Books by Tui T. Sutherland

THE LOST HEIR by Tui T. Sutherland
Released: Feb. 26, 2019

"A mostly smooth adaptation sure to delight fans new and old. (Graphic fantasy. 7-13) "
The second volume in a popular graphic-novel spinoff delves deeper into one dragonet's past. Read full book review >
Released: Jan. 2, 2018

"Dazzling; a must-read for any dragon fan. (Fantasy. 7-13)"
A popular middle-grade dragon series gets a graphic-novel makeover. Read full book review >
DRAGON ON TRIAL by Tui T. Sutherland
Released: March 11, 2014

"Busy, busy…but funny, funny too, not to mention positively stuffed with exotic fauna. (map) (Fantasy. 10-12)"
New threats to the existence of a hidden refuge for magical and mythical animals occupy a trio of young sleuths in this droll middle volume. Read full book review >
LUCKY DOG by Kirby Larson
Released: Feb. 1, 2014

"A varied and heartwarming set of doggy tales...or is that tails? (Short stories. 9-12)"
Thirteen dog-loving authors contribute 12 short stories about dogs at the Pawley Rescue Center and the humans who love them. Read full book review >
THE MENAGERIE by Tui T. Sutherland
Released: March 12, 2013

"Unfortunately, the story itself lays an egg. For a really magical book about mythical animals, readers should try The Forgotten Beasts of Eld, by Patricia McKillip (1974). (Fantasy. 9-12)"
Numerous books have successfully built on a premise of human interaction with mythical creatures, but this one is overstuffed and convoluted. Read full book review >
THE LOST HEIR by Tui T. Sutherland
Released: Jan. 1, 2013

"Entertaining, but rugged. (Adventure. 9-12)"
The dragonets of prophecy, free of both the Talons of Peace and the evil SkyWing queen, travel to the SeaWings' palace, hoping to find a safe haven from their many enemies. Read full book review >
Released: July 1, 2012

"Exciting, but not outstanding. (dragon taxonomy) (Fantasy. 9-12)"
Five young dragonets find themselves destined to fulfill a prophecy that will end the war between the dragons. Read full book review >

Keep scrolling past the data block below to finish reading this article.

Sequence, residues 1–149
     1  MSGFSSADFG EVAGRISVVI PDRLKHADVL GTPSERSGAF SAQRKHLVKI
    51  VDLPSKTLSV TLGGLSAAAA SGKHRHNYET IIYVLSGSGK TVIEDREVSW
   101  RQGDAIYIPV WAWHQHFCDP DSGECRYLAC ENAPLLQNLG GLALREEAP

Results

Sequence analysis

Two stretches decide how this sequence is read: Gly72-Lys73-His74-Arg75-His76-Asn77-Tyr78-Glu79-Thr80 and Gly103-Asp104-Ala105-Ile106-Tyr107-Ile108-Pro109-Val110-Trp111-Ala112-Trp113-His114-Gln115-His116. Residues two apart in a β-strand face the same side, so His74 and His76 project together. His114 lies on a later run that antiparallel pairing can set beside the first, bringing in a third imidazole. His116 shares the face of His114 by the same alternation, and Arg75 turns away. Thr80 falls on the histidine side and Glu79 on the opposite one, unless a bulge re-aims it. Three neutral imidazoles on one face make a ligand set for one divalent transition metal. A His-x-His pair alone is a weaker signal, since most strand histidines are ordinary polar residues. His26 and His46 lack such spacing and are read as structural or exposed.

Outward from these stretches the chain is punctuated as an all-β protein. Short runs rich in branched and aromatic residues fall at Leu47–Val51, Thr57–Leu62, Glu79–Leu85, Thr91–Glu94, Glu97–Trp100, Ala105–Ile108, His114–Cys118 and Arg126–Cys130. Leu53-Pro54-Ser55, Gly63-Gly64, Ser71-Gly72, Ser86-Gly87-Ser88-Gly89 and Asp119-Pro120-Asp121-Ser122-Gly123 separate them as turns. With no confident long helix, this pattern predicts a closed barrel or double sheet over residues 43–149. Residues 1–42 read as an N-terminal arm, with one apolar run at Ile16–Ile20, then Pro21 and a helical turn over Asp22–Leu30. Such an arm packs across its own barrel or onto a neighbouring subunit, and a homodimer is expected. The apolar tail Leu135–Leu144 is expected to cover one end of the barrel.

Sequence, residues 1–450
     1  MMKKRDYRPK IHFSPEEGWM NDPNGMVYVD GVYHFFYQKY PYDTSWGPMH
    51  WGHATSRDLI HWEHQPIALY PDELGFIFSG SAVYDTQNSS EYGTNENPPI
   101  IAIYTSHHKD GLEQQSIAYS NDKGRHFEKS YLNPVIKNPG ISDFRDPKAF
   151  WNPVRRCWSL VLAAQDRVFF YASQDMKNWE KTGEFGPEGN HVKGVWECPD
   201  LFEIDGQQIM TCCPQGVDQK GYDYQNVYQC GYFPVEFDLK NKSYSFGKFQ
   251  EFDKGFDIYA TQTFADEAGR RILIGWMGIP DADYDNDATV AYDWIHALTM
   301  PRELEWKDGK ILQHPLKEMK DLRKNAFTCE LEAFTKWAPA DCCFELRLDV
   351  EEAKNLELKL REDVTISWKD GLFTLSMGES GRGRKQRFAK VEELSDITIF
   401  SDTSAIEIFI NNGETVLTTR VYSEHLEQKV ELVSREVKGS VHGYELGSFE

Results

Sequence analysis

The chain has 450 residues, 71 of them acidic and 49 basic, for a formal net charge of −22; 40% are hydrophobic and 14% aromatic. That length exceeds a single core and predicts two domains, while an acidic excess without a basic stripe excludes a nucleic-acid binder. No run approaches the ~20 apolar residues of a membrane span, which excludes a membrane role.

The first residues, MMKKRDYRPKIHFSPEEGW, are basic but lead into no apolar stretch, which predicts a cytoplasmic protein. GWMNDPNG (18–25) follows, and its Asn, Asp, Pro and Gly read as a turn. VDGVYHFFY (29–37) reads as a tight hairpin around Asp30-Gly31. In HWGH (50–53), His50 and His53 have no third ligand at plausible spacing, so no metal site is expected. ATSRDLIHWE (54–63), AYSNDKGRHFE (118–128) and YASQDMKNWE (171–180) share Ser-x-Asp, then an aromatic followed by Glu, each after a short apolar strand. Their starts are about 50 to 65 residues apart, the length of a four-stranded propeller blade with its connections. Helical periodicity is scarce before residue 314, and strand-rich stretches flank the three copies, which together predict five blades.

Released: Oct. 1, 2008

The Avatars trilogy comes to a sturdy close with visits to several underworlds and the exposure of divine deception on a grand scale. The pantheons of various fading or extinct religions have set up a battle for ultimate power that requires each one's champion to be embodied in an enhanced mortal who will fight his or her rivals to the death. Unfortunately (for the gods), four of the teens have become fast friends rather than enemies. Leaning heavily on previous episodes, the closer sends the spirit of the badly wounded Diana wandering through various lands of the dead while depositing Gus, Kali and Tigre in Africa. With the aid of sympathetic Yoruba spirits the three use the old tar-baby trick to capture the trickster god ("I cannot believe that I fell for this again," he mutters)—who in various aspects is part of almost all pantheons and who, after perfunctory resistance, explains how to thwart the Game's aims. Threading in revelations, dangerous encounters and tongue-in-cheek comments, Sutherland rounds out her leisurely but ultimately engrossing epic in style. (Fantasy. 11-13)Read full book review >
SHADOW FALLING by Tui T. Sutherland
Released: Oct. 1, 2007